Rei Kawakubo/Comme des Garçons 1997, illustrated by Faye West
The next few months are an absolute treat for fashion fans – there are exhibitions popping up all over the place. First on my fashionable list was the Barbican’s offering – a retrospective of the last thirty years of the Japanese avant-garde.
Now anybody who saw the fabulous Viktor & Rolf extravaganza a couple of years ago will know that the Barbican sure knows how to put on a fashion exhibition – the art gallery on the third level of the brutalist ziggurat couldn’t be any better suited: concrete alcoves, pebbled-dashed walls and hard stone floors all add to the atmosphere and with each show you’d be forgiven for thinking the space had been constructed solely for the current exhibition – particularly this one.
Junya Watanabe, illustrated by Baiba Ladiga
To create the feeling of a journey, the gallery has been adorned with translucent drapes that lead you around various examples. We start with magnificent pieces from the grand masters – Yohji Yamamoto, Rei Kawakubo and Issey Miyake feature heavily, as do the newer major players.
The lower level of the exhibition aims to bring together the key ideas and themes that define what we know of the Japanese avant-garde. Ideas like wabi-sabi (beauty in imperfection) and ma (which generally translates as the space between objects) are explained and brought to life with a broad range of examples from the great Japanese masters. Wabi-sabi is explored with examples from Junya Watanabe, Rei Kawakubo et al – fraid hems, unfinished seams and abnormal folds all appear in their collections, and it was this (un)attention to detail and deliberately unfinished aesthetic that first drew attention to the Japanese couturiers.
There are great examples of ma, too; where garments are constructed to work against the female form, they are celebrated. Cue works of wonder like Issey Miyake’s origami numbers, Tao Kurihara’s groundbreaking sculptural pieces and Koji Tatsuno’s ridiculous but wonderful golden brown nylon net dress, which turns the figure into a giant sphere (think pumpkin Hallowe’en costume with Japanese drama.)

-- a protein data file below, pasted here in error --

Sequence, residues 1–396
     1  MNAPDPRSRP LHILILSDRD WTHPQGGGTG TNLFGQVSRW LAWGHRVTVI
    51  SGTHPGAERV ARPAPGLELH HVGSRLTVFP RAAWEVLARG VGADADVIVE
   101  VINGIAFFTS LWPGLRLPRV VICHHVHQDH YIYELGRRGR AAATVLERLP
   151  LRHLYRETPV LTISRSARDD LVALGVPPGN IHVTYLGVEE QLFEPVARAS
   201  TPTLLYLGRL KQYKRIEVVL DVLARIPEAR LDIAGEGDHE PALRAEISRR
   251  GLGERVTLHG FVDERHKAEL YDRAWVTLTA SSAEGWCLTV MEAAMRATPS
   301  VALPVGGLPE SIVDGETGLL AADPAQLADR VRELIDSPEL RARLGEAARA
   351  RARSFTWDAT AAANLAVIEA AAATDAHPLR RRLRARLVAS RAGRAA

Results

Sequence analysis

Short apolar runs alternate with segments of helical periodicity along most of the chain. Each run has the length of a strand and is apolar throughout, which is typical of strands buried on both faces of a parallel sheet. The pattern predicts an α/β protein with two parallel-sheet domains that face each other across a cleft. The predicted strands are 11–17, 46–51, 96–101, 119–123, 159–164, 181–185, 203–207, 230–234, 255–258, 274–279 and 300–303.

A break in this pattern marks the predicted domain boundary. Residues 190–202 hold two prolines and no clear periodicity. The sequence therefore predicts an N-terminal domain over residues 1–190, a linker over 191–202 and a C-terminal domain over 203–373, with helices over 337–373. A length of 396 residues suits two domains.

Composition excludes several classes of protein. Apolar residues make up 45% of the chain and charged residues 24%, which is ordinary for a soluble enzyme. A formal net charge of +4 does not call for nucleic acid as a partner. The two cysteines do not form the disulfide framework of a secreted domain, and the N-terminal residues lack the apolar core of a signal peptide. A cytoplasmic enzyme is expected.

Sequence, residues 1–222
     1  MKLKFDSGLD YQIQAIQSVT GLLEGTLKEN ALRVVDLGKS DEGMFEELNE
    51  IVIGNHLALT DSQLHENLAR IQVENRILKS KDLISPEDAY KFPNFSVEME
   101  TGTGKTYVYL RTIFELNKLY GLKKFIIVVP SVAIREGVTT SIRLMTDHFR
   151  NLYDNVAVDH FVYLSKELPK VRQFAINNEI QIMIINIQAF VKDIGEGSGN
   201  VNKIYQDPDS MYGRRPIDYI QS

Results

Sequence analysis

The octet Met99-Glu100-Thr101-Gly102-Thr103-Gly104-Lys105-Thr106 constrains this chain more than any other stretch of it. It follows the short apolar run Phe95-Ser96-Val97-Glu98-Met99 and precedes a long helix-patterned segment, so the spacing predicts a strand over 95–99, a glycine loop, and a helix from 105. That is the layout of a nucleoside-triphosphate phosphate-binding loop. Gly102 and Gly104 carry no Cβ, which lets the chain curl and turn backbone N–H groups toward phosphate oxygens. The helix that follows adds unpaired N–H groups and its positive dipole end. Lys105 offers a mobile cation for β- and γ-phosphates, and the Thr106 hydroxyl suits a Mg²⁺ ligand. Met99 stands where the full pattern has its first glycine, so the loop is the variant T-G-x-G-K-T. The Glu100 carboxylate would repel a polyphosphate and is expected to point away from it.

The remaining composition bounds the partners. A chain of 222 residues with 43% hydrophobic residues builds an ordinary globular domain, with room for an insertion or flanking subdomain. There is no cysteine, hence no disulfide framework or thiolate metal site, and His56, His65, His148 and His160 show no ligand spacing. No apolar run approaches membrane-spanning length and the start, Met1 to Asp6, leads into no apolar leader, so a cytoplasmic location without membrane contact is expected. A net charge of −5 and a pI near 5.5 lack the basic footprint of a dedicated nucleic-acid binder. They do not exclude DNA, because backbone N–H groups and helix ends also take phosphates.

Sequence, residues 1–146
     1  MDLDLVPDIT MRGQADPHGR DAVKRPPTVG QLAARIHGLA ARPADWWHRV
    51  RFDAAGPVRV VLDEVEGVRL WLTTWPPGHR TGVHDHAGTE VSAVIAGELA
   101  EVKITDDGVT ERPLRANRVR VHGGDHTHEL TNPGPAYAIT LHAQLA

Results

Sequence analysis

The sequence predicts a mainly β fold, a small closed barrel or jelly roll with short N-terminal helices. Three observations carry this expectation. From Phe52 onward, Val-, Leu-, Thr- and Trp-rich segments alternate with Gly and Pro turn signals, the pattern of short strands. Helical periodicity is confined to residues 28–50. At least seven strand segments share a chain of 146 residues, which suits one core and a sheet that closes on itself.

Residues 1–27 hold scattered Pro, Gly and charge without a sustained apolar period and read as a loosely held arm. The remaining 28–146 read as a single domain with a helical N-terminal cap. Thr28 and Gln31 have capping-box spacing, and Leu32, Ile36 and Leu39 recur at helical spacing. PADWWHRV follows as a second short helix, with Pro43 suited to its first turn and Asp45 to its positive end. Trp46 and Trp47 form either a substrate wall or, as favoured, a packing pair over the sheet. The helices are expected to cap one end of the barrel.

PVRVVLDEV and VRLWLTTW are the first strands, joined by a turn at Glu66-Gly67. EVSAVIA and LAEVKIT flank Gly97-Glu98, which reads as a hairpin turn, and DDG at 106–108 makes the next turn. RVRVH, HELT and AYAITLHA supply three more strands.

Fruits! Illustrated by Gareth A Hopkins
The lower levels also explore broader concepts that have been recurrent in Japanese fashion – shadows, flatness, tradition (and inspiration) and ‘Cool Japan’ (or Fruits as we lovingly refer to this fashion and their wearers). The ‘Cool Japan’ stuff doesn’t float my boat as much as the grand masters and their illustrious heritage. I used to like it, a lot, but I think it’s a little passé these days. Maybe that’s a bit harsh, but when you’ve walked through three decades of expertly cut, uniquley tailored and innovatively crafted Japanese fashion, seeing Hello Kitty pyjamas and Manga t-shirts is a little deflating. Tao Kurihara’s exemplary cable-knit underwear does add some sophistication, though.
Illustration by Lesley Barnes
While I love getting my teeth into a good fashion theme, I often wish that they’d just give us a hand and put things in chronological order. This is a particularly difficult feat to overcome with Japanese fashion – a Junya Watanabe/Comme des Garçons black nylon taffeta coat slash padded puffa jacket with intricate gold chain sits side by side a Rei Kawakubo/Comme des Garçons black gauze skirt and top with interlaced, looped bands from 1983. They could pretty much be from the same collection.
Similarly, a silk 1970s Kenzo blouse is positioned next to a 2005 kimono, which cold be 500 years old, even, but they still fit perfectly together. I guess it is this harmony that has strung Japanese fashion together over the years that makes it so inspiring.
Issey Miyake/A-POC, 1999, illustrated by Naomi Law
Upstairs is a different story and a different designer is celebrated in each of the concrete alcoves. The greats are covered – Yamamoto, Kawakubo, Miyake and Watanabe – along with newer labels like Mintdesigns and Jun Takahashi.
Yohji Yamamoto 1999, illustrated by Abby Wright